"Girls, we're going to get an extra gift or two today for other children who may not get any gifts this Christmas season, okay?"


Maybe they got that, and/or they were thinking of only themselves, but I had them covered either way.

Once inside, the girls began their joyful journey. Bryce, the fearless exploder, began bouncing from one toy to the next, pointing and exclaiming how cool everything was. Beatrice, the reserved imploder, proceeded with gleeful caution, overwhelmed by the sheer volume of it all, like she was a toy in Al's Toy Barn from Toy Story 2.

"Now girls," I said, smiling big. "Take as much time as you need. I know daddy usually tries to hurry through the shopping experience, but this time take your time. Please."

"Okay, Daddy," Bryce said, not really listening.

Beatrice just smiled.

Aisle after aisle we trekked and talked and touched. Look at this! And look at that! Wow! Cool! At one point I got them to help me pick out their gift for the Mama, and then we continued on the glorious toy campaign.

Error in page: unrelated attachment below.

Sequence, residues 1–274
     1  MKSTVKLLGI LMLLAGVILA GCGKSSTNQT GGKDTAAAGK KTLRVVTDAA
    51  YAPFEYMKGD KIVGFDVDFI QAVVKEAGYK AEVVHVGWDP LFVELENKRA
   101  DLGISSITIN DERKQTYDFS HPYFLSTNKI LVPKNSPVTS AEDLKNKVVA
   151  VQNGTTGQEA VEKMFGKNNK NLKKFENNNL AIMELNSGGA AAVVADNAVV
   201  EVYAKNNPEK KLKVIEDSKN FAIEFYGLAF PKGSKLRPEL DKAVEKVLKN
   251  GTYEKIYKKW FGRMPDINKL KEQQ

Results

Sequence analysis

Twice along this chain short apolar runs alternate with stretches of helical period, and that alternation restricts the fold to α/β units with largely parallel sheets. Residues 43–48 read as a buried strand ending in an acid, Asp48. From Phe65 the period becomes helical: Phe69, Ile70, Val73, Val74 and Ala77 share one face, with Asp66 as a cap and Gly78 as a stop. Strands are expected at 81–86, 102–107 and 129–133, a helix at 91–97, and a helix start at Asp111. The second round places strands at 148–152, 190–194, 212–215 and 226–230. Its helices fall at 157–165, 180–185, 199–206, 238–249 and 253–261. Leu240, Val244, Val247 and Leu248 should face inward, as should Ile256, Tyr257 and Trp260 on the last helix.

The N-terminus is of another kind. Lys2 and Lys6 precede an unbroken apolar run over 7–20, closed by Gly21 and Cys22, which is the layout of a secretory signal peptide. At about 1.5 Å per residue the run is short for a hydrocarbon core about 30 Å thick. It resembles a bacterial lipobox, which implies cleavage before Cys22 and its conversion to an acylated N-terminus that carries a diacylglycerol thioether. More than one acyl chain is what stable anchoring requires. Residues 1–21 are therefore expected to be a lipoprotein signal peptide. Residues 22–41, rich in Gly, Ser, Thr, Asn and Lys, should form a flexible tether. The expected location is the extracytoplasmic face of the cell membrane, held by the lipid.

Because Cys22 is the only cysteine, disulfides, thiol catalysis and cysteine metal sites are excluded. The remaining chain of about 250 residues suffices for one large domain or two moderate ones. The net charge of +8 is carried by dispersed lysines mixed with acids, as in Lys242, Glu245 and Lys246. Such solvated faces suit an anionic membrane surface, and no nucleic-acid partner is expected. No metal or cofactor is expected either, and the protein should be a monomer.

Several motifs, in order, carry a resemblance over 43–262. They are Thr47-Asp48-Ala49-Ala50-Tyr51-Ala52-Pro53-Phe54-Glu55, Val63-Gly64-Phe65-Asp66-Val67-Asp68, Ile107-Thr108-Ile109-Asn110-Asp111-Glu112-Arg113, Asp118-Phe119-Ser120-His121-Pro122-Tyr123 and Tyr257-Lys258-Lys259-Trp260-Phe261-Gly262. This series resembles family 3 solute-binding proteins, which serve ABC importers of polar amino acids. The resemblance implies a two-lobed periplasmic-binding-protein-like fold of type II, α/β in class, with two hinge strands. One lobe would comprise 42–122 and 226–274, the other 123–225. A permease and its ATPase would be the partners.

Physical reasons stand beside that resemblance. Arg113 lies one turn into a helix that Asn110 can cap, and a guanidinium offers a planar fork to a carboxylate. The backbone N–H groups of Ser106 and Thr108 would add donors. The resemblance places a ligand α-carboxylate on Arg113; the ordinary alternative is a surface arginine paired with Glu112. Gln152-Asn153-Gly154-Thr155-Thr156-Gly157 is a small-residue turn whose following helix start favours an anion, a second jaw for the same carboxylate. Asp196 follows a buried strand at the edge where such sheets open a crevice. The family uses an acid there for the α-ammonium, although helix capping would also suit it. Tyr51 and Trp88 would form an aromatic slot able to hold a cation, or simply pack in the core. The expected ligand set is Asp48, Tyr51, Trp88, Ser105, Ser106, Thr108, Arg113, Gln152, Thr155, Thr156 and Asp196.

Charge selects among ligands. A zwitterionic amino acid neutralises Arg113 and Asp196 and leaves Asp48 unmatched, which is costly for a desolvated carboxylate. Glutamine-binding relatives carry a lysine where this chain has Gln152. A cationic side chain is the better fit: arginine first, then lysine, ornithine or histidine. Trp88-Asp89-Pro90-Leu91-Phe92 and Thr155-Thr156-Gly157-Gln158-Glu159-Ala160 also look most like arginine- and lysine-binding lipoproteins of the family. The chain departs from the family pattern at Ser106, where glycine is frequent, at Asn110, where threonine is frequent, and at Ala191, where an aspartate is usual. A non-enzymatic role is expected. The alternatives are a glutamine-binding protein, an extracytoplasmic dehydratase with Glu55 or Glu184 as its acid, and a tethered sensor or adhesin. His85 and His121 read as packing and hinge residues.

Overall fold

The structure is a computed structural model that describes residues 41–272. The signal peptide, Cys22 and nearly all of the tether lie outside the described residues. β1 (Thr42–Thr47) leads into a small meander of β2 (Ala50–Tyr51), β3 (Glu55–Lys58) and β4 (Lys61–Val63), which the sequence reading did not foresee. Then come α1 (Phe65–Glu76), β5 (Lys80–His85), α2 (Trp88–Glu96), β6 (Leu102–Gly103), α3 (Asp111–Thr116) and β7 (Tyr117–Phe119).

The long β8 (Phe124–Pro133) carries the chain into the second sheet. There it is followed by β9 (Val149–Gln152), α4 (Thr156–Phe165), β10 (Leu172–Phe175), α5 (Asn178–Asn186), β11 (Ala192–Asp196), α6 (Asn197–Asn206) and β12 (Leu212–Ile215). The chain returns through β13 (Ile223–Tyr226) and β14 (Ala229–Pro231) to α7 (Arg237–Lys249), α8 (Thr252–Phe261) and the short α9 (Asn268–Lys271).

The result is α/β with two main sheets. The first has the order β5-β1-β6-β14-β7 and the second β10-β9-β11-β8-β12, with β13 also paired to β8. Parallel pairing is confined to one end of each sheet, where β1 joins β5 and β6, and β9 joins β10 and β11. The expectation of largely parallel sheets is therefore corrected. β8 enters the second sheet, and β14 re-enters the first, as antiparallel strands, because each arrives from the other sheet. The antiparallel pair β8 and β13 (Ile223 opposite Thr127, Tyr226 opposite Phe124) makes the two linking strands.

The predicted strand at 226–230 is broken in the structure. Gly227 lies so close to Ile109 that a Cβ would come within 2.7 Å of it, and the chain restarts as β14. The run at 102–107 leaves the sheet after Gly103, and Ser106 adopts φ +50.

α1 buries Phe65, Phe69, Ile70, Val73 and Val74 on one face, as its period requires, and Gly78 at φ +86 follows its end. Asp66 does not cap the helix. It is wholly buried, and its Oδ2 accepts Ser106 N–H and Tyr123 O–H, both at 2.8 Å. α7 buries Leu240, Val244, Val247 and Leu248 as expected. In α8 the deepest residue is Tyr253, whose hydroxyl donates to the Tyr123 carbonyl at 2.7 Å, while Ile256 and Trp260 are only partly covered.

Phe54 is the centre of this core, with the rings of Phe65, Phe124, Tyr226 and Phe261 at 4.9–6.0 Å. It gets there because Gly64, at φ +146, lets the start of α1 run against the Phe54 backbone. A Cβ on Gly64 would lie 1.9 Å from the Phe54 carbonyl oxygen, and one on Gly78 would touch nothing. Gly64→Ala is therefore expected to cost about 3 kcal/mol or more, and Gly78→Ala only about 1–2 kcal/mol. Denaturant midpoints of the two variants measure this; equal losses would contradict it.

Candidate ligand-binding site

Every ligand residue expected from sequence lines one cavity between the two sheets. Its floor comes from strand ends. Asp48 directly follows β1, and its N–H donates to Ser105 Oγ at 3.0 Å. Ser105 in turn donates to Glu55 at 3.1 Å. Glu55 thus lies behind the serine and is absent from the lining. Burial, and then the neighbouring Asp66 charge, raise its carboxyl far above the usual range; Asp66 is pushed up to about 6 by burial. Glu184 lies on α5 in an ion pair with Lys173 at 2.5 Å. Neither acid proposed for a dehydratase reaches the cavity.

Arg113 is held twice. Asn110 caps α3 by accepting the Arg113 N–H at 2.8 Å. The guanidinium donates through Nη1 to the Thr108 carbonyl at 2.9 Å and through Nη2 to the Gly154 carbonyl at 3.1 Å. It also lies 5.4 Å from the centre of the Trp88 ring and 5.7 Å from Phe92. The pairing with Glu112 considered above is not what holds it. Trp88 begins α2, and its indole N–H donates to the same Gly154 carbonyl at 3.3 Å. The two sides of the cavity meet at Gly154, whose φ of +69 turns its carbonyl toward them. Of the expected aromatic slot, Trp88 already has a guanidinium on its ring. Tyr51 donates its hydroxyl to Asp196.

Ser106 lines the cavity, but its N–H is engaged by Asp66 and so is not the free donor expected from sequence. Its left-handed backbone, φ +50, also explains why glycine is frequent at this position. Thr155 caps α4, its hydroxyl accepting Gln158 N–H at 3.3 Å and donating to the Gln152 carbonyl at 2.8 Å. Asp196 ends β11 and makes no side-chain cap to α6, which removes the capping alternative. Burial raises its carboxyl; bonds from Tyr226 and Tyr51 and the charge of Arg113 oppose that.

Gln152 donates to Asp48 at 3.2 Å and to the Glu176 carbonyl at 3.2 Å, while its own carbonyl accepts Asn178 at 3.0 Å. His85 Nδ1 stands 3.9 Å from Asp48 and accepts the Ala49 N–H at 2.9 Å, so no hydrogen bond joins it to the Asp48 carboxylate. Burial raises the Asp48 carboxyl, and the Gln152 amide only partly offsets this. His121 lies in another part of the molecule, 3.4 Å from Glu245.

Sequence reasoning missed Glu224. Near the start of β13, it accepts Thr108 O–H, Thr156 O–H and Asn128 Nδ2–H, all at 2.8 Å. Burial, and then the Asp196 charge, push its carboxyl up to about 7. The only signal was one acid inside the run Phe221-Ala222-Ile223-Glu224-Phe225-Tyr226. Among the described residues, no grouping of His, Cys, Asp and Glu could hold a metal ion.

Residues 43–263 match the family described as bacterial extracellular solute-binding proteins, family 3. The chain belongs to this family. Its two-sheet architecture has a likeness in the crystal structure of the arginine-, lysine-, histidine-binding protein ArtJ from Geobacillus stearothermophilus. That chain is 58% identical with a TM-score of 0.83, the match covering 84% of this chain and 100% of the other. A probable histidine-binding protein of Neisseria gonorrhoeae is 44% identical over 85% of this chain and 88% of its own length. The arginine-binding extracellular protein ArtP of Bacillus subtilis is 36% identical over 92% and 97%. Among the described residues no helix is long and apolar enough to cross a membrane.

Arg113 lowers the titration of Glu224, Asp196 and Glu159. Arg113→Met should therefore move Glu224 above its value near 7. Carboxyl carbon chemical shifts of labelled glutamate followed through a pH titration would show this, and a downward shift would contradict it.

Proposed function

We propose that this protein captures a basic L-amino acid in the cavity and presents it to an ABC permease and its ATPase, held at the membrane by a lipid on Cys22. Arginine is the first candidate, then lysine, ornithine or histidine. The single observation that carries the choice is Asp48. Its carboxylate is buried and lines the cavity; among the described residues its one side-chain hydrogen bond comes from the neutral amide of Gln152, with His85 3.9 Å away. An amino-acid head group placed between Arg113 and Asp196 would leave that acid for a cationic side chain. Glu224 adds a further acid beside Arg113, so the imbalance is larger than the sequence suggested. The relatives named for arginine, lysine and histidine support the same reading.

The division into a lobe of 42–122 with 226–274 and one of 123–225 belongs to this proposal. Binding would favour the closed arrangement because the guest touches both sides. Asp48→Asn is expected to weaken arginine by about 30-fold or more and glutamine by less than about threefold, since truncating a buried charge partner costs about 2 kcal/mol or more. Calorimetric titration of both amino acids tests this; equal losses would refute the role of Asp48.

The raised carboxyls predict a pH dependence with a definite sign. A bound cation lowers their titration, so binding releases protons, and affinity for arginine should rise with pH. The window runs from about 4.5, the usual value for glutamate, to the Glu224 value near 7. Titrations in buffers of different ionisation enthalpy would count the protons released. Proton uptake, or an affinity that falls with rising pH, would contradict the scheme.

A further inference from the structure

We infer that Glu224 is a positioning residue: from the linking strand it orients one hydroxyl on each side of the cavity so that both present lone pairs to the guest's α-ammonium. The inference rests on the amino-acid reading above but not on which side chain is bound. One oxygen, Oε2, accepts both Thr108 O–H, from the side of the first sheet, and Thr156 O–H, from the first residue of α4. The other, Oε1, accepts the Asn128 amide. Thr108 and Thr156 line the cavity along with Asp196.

Without one single tantraumatic meltdown the whole time. Yes, I just made that up.

After some gift options were identified by each girl for the other, I'd quickly misdirect and keep them huddled on one aisle oo-ing and ah-ing over various over-priced toys, while I scurried clandestine to one of the gifts they had picked out (with the $15-$20 cap, of course) and tucked it into my purple canvas bag next to the Mama's gift. After the second gift was tucked away, we roamed for another 10 minutes until I noticed a confused and pained look at Beatrice's face.

"You okay?"


"You all done now? Ready to go?"

"Yeah, let's go home. I miss Mommy."

Yeah, I miss her too, Sweetie. Knowing we wouldn't see the Mama for another few hours, I misdirected again to the "Buy One Christmas Book Get One More Half Off" stand near the cash registers.

"Girls, each of you pick out one book for our Toys for Tots donation," I said, and then added, "Oh, and pick out one of those candy Troll toy things that you like."